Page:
Decision on 1,500 new homes for Stevenage delayed

The council will vote on plans for the new west of Stevenage development

The council will vote on plans for the new west of Stevenage development - Credit: Taylor Wimpey/Persimmon Homes

A final decision on plans to build 1,500 homes in a new neighbourhood to the west of Stevenage has been delayed after councillors ran out of time during a four-hour meeting last night.

Councillors on Stevenage Borough Council’s Planning Committee were set to determine the long-discussed application on Thursday, December 16, but the scale of the plans meant there wasn’t enough time to fully debate the proposals.

Plans for the new west of Stevenage development

Plans for the new west of Stevenage development - Credit: Taylor Wimpey/Persimmon Homes

A special meeting of the committee had been scheduled to discuss the application, but a 10.30pm curfew prevented a decision being made. Councillors will return next week to determine whether to grant planning permission to the scheme.

During the meeting, councillors heard about the ambitious masterplan for the site, which would involve 390 homes being built during the first phase, with permission granted for an additional 1,110 homes in later phases.

Developers Taylor Wimpey and Persimmon Homes said the plans were something the original new town pioneers would be proud of, with a “landscape-led approach” which prioritises large green spaces, and would also include new employment spaces and sport facilities.

The application is the culmination of almost two decades of discussion around the site to the west of the A1(M).

A rejected proposal of 5,000 units first came forward in 2002, when the site was removed from the green belt, before a scheme for 3,600 homes granted planning permission in 2009 never got off the ground after a string of legal challenges.

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The revised application would see another reduction in homes on the site, but would provide a significant contribution to the council’s housing need while also contributing to the number of affordable homes.

The developers are asking for full planning permission to the first 390 homes in the scheme, and outline permission for the remaining 1,100 homes, as well as a new primary school, mobility hubs and infrastructure work.

The first 390 dwellings will include 19 one bedroom and 73 two bedroom flats, along with three one-bedroom, 52 two-bedroom and 155 three-bedroom houses. There will also be 84 four-bedroom houses, and four additional four-bedroom self-build plots.

Of those homes, 117 units will be affordable and the developers have committed to 30 per cent affordable housing across the development.

During Thursday’s meeting, concerns had been raised about the impact the development would have on public rights of way, which would affect walkers and horse riders in the area.

There was also a call for new routes to be established before any construction work was ongoing, and for any new surfaces to be approved by equestrian experts to ensure horses could safely use the route.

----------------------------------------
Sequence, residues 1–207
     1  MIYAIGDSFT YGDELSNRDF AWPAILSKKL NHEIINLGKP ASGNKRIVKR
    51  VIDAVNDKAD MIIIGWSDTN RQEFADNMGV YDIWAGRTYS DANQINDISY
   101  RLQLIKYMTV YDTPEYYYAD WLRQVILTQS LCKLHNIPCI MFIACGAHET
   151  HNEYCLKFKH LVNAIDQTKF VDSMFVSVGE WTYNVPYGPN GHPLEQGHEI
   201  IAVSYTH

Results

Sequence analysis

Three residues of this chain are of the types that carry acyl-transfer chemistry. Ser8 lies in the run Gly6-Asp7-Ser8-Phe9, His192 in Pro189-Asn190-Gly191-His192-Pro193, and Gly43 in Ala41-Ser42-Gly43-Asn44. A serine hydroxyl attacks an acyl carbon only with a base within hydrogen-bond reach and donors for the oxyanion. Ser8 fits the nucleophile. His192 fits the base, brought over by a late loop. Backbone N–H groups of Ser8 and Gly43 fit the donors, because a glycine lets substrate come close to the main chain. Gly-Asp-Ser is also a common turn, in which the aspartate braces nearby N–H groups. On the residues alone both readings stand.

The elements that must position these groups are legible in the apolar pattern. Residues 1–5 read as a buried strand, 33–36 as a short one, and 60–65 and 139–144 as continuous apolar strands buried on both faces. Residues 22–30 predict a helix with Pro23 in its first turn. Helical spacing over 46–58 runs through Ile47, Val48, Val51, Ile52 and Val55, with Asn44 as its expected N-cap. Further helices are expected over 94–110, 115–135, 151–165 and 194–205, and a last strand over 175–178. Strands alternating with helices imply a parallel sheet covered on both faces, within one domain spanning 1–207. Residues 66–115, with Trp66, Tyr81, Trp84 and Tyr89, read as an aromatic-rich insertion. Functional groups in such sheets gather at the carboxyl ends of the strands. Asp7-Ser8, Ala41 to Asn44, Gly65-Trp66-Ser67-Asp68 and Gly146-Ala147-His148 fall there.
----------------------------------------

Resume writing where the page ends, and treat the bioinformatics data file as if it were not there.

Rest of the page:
Officers noted that statutory bodies had backed the plans, and said some through paths on the site could be used by horses, as well as pedestrians and cyclists, to avoid having to use the roads.

Jonathan Pillow, project director at Taylor Wimpey, said: “We recognise Stevenage’s history, Stevenage is one of the first post-war new towns and from the outset our vision was to recognise and complement that, and create a place the original pioneers would be proud of.

“To them Stevenage, as a new town, was a place that should embrace health and the landscape in and around the town in a series of green spaces prioritising walking, cycling and pedestrianised centres with bus connectivity. We believe we have continued these principles in the proposals before you tonight.”

Mr Pillow highlighted the inclusion of three mobility hubs around the scheme. These pavilions would provide electric cycle hire and charging, be connected to green pathways and bus routes, and lessen the need for cars for anyone travelling across the new neighbourhood. 

Simon Green of Permission Homes said it was a project “we are all immensely proud of”, adding that the plans were sustainable while also providing new community benefits.

The developers added there will also be connected parkruns that are integrated into the surrounding countryside, and a number of outdoor spaces for sport use or community events.

The proposals will also include a new primary school, and neighbourhood centre including new social hubs and shops for residents.

During Thursday’s meeting councillors heard presentations from officers, but were unable to ask questions or discuss specific points of the proposals before reaching the 10.30pm cut-off time.

The committee had the option of extending the meeting until 11pm if they thought a decision was realistic, but this was unanimously decided to adjourn.

The meeting will resume at 6.30pm on Tuesday, December 21, and if any councillors are unable to attend they will not be able to make a substitution.